In this week’s blog, we find out more about an interesting new project taking place at the University of Edinburgh to conserve a large collection of bound volumes….
The Centre for Research Collections (CRC) at the University of Edinburgh is currently undertaking an exciting 6-month pilot project to conserve the Scottish Session Papers in preparation for digitisation.
The collections are held across three institutions: the Advocate’s Library, the Signet Library and the CRC. The collections consist of around 6,500 volumes, comprising of multiple case papers in one volume. The case papers of the Scottish Court of Session are the most significant untapped printed source for the history, society and literature of Scotland from 1710 to 1850. They cover an extraordinary period in the nation’s history from the immediate aftermath of the Union of 1707 through the Jacobite wars, the Enlightenment, the agricultural and industrial revolutions and the building of Walter Scott’s Edinburgh.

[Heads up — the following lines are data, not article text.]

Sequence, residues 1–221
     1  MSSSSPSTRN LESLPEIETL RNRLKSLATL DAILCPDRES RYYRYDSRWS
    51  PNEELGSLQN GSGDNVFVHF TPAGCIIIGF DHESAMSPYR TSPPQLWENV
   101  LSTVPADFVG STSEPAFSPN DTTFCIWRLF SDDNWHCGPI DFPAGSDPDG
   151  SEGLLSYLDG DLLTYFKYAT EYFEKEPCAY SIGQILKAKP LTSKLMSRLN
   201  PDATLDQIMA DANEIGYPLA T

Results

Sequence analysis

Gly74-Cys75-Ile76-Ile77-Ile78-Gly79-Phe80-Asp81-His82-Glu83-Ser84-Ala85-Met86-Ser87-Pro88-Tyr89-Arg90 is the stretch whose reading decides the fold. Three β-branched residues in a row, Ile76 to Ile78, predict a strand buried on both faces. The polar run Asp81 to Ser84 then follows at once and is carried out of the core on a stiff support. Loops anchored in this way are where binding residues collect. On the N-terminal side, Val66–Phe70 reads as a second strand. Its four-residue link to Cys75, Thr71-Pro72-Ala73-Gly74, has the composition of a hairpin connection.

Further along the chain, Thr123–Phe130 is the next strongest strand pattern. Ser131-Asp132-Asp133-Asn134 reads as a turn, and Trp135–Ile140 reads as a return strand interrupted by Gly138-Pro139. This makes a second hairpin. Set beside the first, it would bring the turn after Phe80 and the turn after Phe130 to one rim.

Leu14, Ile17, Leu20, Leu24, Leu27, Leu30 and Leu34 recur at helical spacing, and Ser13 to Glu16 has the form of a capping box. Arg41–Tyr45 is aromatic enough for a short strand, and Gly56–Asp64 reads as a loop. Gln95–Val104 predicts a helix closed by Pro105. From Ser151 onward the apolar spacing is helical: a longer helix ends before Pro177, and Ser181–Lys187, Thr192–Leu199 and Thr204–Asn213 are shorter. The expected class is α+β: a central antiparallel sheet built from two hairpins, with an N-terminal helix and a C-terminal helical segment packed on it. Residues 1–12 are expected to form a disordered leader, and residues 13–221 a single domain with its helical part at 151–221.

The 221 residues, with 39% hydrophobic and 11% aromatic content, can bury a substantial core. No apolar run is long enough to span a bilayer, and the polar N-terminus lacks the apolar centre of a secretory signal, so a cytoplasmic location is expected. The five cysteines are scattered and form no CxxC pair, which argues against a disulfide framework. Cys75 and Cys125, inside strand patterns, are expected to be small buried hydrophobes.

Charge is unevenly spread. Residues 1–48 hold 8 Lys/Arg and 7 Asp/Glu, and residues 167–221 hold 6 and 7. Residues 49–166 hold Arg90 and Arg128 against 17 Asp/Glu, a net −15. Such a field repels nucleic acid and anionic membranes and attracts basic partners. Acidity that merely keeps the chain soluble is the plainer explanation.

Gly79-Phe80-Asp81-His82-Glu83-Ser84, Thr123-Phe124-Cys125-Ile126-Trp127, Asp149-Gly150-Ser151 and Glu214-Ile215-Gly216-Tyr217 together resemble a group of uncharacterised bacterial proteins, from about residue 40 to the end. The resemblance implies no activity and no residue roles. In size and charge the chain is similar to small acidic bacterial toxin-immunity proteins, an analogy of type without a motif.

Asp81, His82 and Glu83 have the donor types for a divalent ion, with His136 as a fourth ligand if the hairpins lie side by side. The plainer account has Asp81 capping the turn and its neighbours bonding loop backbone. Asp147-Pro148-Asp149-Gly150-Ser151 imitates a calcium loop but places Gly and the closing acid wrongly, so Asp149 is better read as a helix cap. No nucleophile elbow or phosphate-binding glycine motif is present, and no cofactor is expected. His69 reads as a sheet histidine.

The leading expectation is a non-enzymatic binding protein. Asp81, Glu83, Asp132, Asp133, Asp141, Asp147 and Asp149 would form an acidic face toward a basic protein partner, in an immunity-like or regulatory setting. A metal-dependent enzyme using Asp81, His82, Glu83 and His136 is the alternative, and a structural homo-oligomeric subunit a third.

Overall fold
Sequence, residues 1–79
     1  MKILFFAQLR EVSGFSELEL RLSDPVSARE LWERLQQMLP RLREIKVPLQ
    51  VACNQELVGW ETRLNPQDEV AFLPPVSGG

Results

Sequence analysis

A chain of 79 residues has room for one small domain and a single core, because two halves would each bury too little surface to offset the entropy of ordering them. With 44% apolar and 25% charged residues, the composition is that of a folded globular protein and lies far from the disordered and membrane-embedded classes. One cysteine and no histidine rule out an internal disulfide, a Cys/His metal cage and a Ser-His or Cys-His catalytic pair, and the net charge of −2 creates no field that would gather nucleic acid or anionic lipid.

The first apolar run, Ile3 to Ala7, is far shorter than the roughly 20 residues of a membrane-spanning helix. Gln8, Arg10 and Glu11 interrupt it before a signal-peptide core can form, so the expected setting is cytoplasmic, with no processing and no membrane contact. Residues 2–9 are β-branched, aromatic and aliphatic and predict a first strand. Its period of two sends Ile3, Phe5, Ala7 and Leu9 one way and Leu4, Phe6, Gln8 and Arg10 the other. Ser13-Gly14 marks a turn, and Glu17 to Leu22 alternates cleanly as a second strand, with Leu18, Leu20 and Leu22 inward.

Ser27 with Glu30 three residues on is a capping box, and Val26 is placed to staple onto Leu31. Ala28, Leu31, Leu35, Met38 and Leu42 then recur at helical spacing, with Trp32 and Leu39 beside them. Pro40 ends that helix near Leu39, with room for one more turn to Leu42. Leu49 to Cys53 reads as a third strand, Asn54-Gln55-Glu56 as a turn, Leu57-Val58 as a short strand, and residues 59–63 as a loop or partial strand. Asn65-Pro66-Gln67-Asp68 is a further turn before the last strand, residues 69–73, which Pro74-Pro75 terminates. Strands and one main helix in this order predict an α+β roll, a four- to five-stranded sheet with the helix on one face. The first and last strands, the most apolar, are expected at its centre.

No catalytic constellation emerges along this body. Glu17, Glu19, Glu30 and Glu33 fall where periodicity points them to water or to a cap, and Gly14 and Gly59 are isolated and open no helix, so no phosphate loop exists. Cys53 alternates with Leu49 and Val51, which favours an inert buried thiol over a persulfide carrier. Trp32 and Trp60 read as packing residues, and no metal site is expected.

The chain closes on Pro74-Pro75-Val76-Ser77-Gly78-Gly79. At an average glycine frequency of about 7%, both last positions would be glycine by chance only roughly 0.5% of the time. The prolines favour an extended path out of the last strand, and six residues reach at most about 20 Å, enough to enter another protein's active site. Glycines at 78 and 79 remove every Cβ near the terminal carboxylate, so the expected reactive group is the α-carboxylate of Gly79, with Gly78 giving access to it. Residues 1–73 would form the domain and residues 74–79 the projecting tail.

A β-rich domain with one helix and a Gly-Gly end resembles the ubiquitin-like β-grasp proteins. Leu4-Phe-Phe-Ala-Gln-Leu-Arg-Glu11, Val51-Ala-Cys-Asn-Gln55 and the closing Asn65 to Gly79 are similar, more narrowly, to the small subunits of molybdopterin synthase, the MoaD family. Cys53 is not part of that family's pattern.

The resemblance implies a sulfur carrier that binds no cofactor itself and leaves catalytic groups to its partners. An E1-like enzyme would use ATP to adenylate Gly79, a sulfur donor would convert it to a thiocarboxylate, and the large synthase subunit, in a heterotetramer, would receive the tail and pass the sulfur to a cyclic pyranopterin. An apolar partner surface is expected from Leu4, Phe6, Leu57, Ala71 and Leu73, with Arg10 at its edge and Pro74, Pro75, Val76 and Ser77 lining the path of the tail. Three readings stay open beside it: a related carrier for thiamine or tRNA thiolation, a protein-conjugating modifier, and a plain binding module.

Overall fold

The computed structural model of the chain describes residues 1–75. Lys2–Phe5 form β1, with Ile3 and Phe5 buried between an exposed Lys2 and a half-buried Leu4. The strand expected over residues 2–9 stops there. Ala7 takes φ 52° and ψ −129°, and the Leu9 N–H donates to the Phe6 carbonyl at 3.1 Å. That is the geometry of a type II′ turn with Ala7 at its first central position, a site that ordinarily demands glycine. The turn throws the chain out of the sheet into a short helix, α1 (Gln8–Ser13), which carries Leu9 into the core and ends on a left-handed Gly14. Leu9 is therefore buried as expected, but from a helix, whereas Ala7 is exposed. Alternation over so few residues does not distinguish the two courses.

The aim of the project is to determine the most efficient and effective way to conserve the volumes before digitisation, as well as to calculate the time needed to do this, and the associated costs. Efficient workflows that focus on minimal intervention are key to ensure the collections are conserved quickly and are robust enough for digitisation. For this stage of the project, we have taken a selection of 300 volumes from all three institutions in four different condition categories:
- Good – the volume has minimal surface dirt
- Fair – the volume has moderate surface dirt, and/or detached labels
- Poor – the volume has moderate or extensive surface dirt, and/or detached boards
- Unusable – sewing has broken and the text block is split in multiple places